Nov. 27: A member of a forest management group in Purulia, Jagadish Tiwary, was killed and six of his family injured when a mob attacked his home in Bansgara village late on Tuesday night.
The mob also looted and ransacked the house in Jhalda police station area. Among the items taken away were two guns, including a double-barrelled rifle.
The mob came from a village in the Bokaro area of neighbouring Jharkhand state, according to district magistrate D.P. Jana. “The assailants called themselves Maoist Communist Centre activists and threatened the villagers with death if police were informed.”
It was only when the injured, who include Tiwary’s four sons and a daughter, were admitted to hospital that the news reached the police.
Superintendent of police V.K. Goyal, additional superintendent of police Anil Kumar and other senior district officials have gone to the spot with a contingent of security forces.
DIG (headquarters) Narayan Ghosh said in Calcutta this evening that a joint team of Jharkhand and Bengal police would comb the Ara village area of Bokaro to trace the assailants.
Bengal director general of police Dinesh Vajpai had contacted his Jharkhand counterpart R.R. Prasad to facilitate a joint combing operation, sources said. Prasad has instructed the superintendent of police in Bokaro to extend all help to the Bengal policemen.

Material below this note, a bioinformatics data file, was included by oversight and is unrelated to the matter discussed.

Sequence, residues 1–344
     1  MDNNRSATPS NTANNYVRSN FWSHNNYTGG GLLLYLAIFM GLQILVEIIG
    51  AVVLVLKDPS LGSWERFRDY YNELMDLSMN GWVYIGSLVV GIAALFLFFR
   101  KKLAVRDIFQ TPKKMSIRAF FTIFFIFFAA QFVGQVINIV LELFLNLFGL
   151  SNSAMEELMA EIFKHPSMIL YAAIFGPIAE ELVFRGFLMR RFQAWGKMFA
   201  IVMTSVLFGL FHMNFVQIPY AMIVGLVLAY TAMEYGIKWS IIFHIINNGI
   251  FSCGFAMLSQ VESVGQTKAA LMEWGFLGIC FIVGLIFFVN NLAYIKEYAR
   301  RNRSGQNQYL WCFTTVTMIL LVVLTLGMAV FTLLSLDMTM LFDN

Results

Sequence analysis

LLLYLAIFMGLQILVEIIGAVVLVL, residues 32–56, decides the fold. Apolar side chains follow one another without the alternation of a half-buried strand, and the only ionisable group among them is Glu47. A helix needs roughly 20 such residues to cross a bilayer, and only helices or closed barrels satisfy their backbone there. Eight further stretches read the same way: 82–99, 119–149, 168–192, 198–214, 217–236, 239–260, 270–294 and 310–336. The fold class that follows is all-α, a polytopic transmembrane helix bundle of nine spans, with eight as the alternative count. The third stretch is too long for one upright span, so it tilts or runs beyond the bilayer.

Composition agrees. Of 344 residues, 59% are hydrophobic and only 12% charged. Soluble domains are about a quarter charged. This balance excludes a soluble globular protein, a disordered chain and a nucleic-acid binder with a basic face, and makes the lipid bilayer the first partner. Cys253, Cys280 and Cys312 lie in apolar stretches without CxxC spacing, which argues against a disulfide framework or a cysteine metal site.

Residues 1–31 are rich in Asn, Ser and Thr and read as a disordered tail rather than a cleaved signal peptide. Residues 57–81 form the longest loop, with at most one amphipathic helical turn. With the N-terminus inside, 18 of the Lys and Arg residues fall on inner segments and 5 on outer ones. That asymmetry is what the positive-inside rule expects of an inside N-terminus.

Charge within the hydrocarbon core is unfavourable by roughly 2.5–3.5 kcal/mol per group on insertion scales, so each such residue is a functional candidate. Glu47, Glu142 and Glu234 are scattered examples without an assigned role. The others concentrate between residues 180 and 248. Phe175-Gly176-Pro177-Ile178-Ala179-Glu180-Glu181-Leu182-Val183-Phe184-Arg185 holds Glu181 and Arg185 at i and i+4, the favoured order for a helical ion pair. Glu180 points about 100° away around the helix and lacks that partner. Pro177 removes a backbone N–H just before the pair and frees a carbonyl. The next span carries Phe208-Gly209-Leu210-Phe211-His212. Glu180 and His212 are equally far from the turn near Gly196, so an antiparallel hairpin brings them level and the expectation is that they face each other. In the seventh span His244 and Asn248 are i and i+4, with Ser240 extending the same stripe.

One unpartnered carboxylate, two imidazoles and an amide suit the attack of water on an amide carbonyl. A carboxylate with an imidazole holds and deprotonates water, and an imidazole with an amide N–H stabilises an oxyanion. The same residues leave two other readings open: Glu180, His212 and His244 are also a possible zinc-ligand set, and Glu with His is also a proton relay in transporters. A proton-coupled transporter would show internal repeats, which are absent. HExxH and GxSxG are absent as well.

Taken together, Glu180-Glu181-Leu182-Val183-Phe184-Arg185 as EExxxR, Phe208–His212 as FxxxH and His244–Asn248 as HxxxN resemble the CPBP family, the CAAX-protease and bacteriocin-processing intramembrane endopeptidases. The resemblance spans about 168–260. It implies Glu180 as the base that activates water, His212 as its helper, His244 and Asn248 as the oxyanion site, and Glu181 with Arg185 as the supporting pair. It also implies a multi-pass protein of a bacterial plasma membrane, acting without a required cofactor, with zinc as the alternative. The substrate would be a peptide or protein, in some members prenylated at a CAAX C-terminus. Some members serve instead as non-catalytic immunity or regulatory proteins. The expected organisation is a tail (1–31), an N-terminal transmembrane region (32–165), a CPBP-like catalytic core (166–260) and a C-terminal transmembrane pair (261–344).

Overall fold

Tiwary (56), who owned land in Bansgara, was a member of the local joint forest management group set up to prevent timber smuggling, police sources said. There had been earlier attempts on Tiwary’s life because of his efforts to thwart illegal felling of trees.
The injured, who had been admitted to the government hospital at Kotshila, were later shifted to a hospital in Ranchi.
Senior forest officials said the killing would affect forestry management in the area.
“We will have to ask the police to strengthen patrolling in the forests so that the locals feel safe,” a senior forest officer said. Bengal’s joint forestry management efforts had earned it the prestigious John Paul Getty Award for environmental excellence in 1994.
District officials said it was unlikely that the assailants were MCC activists. “Activists usually do not declare their allegiances when carrying out raids,” said Jana. Further details on the incident are awaited, but the situation is said to be “under control”.
However, Bansgara village was plastered with posters claiming that the attack was carried out by MCC activists, according to Jhalda police station personnel. The posters also had a list of demands of the Naxalite outfit.